Giant steps for millennials

The summer volunteers and interns are drifting back to school. When colleagues’ kids and their friends, who have sprouted like weeds, drop by the office, they are easily recognizable because they are squired around by beaming dads or moms. But who are those other young people popping up around the shop? Who was the young woman who left unwashed dishes stacked in the break room sink, or the young fellow who sent that group email containing an emoji? Who was that kid asking in the team meeting about the purpose of a recent corporate initiative?

Welcome, please, the latest newcomers to the workforce. Millennials—at more than 75 million the largest demographic group in the United States today—are launching their laps around the career track. Experienced executives believe that these young people require special handling.

More than 1,000 executives globally said in a recent Korn Ferry survey that many millennial talents, those from a generation whose members are roughly ages 18 to 35, need more than the usual feedback about their work; 44% of the survey respondents said this was so. The millennials also were said to be somewhat less willing to put in long hours or to work on weekends (40% of survey respondents said so), and pay isn’t a top priority for them; in fact, it’s last. They’re close to their families, and they often choose to work for organizations that keep them near their kin.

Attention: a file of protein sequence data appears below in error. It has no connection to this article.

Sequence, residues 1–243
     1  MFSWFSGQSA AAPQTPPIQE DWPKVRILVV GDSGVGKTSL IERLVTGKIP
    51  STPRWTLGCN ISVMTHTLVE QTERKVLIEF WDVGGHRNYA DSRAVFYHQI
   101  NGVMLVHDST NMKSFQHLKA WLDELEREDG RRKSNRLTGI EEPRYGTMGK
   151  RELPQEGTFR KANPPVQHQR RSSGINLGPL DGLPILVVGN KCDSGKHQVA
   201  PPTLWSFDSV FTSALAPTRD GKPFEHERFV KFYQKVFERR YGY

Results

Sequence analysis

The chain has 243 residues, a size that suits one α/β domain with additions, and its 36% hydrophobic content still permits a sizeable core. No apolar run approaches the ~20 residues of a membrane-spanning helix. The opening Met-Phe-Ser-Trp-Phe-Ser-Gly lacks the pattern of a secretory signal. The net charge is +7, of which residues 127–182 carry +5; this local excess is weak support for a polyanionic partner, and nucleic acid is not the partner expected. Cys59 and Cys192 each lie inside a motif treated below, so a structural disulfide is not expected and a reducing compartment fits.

Should alarms be sounding? Not necessarily, firm experts say. “Organizational leaders who understand the differences in the workstyles and preferences of employees in different generations can uncover unconscious biases to foster greater collaboration and success,” said Jeanne MacDonald, Korn Ferry Futurestep President of Global Talent Acquisition Solutions.

Companies, the firm has found, are adapting to this generation by giving its members more feedback, including mentoring and internal training. “It is often difficult for older managers to find or take the time to offer the feedback that millennials crave,” MacDonald said. “But it is critical in helping them understand how their role fits into the greater organizational strategy.”

Millennials also may benefit from working closely with Gen X-ers. Previous firm surveys have found that these 35- to 50-year-old talents—in their career prime, hard-working, and deeply engaged—get along well with millennials.

As for baby boomers, a demographic of historic size and significance that is now fading in the workforce, they may benefit from context. They’re not seen as millennials’ buddies, the firm’s survey finds, with only 12% of survey respondents seeing the older generation working best with the younger. But the mature talent, ages 52 and older, may wish to recall that some of them may have been deemed by their elders as dreamers, long-hairs, and too-hip ne’er do wells.

Research suggests, too, that boomers may reach an accord with their youngest colleagues: Millennials strongly believe in working for companies with well-defined purpose and meaning; this was the top-ranked reason why survey respondents thought the young people joined their companies. “It’s clear that millennials want to know what their organization stands for and how they can impact the company’s mission,” MacDonald said. That also may be key for boomers focusing on their work and life legacies.